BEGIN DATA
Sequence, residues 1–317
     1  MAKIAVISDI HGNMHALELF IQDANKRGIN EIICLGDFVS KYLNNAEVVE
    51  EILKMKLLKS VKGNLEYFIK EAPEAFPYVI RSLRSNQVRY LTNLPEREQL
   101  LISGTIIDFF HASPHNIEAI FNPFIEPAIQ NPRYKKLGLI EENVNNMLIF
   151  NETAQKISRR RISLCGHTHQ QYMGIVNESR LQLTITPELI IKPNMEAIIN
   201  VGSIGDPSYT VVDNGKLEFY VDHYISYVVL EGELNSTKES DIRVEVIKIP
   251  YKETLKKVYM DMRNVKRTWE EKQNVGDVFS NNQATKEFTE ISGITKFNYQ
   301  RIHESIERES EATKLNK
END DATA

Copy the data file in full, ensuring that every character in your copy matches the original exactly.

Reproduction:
Sequence, residues 1–317
     1  MAKIAVISDI HGNMHALELF IQDANKRGIN EIICLGDFVS KYLNNAEVVE
    51  EILKMKLLKS VKGNLEYFIK EAPEAFPYVI RSLRSNQVRY LTNLPEREQL
   101  LISGTIIDFF HASPHNIEAI FNPFIEPAIQ NPRYKKLGLI EENVNNMLIF
   151  NETAQKISRR RISLCGHTHQ QYMGIVNESR LQLTITPELI IKPNMEAIIN
   201  VGSIGDPSYT VVDNGKLEFY VDHYISYVVL EGELNSTKES DIRVEVIKIP
   251  YKETLKKVYM DMRNVKRTWE EKQNVGDVFS NNQATKEFTE ISGITKFNYQ
   301  RIHESIERES EATKLNK